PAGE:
With the 2016 presidential sweepstakes unofficially under way, former General Electric Chairman and CEO Jack Welch urged Republicans Monday to avoid nominating another pro-business establishment candidate.
Appearing on the CNBC television channel, Welch, who was once one of the most revered business leaders, running GE from 1981 to 2011, said the GOP should avoid more moderate candidates like its last two nominees.
Instead, said Welch, the party should pick a president who is conservative and more like the heartland of America rather than a boardroom leader.
Welch was enamored with two potential candidates, one of them especially. He favored Kentucky Sen. Rand Paul or Texas Sen. Ted Cruz.
"Ronald Reagan was attacked for the same things Ted Cruz is being attacked for," Welch said. "I would love to see the Republicans run somebody that they stand for."
Republicans lost the two previous presidential races by nominating candidates that were establishment names, such as former Massachusetts Gov. Mitt Romney in 2012. Welch warned nominating New Jersey Republican Gov. Chris Christie or former Florida Gov. Jeb Bush would be repeating the mistake of the past two elections, namely trying to appeal to states with large urban populations.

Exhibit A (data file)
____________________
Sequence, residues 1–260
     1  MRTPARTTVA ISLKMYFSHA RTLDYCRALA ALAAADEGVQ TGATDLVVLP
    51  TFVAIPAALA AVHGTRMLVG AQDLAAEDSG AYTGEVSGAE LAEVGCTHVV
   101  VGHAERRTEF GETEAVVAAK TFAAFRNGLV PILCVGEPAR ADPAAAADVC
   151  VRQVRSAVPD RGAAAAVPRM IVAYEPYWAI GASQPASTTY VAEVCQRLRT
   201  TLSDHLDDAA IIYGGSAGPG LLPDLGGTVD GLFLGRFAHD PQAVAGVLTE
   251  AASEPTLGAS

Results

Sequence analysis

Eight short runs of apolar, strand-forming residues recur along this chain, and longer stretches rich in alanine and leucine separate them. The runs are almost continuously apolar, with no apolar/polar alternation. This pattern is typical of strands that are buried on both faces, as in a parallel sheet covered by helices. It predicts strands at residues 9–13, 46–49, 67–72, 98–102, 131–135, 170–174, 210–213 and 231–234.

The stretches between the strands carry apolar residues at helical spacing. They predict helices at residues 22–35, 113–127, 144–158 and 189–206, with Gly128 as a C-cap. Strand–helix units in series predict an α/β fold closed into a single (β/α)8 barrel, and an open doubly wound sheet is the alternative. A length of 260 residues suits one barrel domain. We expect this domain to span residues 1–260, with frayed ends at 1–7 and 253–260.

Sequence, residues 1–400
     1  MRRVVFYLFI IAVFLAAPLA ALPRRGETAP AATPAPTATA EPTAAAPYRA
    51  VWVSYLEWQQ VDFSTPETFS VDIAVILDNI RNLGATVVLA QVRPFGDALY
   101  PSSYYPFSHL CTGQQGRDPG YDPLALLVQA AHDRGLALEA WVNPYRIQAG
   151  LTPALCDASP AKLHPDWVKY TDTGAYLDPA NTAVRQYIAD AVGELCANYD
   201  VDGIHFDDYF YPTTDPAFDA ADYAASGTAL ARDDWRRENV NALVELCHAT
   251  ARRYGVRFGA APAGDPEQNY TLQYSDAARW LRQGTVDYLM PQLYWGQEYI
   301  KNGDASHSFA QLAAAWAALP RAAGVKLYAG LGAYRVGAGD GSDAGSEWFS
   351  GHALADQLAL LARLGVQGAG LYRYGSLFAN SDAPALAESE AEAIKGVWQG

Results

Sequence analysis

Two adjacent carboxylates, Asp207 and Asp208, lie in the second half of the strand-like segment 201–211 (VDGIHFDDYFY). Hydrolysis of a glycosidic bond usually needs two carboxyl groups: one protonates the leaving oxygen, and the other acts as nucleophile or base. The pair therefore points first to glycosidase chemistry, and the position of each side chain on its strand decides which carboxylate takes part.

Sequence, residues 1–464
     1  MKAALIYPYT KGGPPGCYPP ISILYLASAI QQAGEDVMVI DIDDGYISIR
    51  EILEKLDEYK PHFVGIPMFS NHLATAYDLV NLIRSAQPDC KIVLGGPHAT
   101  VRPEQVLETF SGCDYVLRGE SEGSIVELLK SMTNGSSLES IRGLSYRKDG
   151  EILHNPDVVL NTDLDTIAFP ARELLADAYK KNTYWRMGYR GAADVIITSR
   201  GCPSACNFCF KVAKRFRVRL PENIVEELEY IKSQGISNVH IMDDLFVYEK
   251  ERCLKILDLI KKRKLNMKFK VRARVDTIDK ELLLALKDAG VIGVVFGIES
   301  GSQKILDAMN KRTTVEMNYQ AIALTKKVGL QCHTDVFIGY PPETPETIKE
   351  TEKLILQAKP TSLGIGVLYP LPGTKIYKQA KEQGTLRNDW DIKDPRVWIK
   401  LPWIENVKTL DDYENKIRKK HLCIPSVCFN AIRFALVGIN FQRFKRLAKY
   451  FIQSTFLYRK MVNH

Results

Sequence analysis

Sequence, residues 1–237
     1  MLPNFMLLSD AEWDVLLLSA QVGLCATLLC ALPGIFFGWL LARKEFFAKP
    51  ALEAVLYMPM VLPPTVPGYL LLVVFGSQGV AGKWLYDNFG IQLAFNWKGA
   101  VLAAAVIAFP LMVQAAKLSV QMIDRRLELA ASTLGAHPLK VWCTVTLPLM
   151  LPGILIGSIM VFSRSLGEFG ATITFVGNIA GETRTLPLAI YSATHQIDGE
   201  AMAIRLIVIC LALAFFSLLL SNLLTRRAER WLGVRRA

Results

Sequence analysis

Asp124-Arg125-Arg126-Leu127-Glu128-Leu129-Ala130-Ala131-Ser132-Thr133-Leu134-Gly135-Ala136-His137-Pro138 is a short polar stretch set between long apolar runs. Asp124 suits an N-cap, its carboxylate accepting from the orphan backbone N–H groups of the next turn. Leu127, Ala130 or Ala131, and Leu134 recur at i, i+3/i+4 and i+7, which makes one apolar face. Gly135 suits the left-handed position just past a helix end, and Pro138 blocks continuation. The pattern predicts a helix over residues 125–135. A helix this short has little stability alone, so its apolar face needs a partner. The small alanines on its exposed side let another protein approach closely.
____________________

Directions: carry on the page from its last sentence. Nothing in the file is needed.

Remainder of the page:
“You got to give up on New York. You got to give up on California. Those are gone," he told CNBC. "Screw New York. You're going to lose New York. Forget it. Go to the country, this wonderful country, and present your ideas with an optimistic view.”
Welch drew headlines in 2012 for alleging without any proof that the Bureau of Labor Statistics, part of the Labor Department, was manipulating economic statistics to the benefit of President Barack Obama and his re-election bid.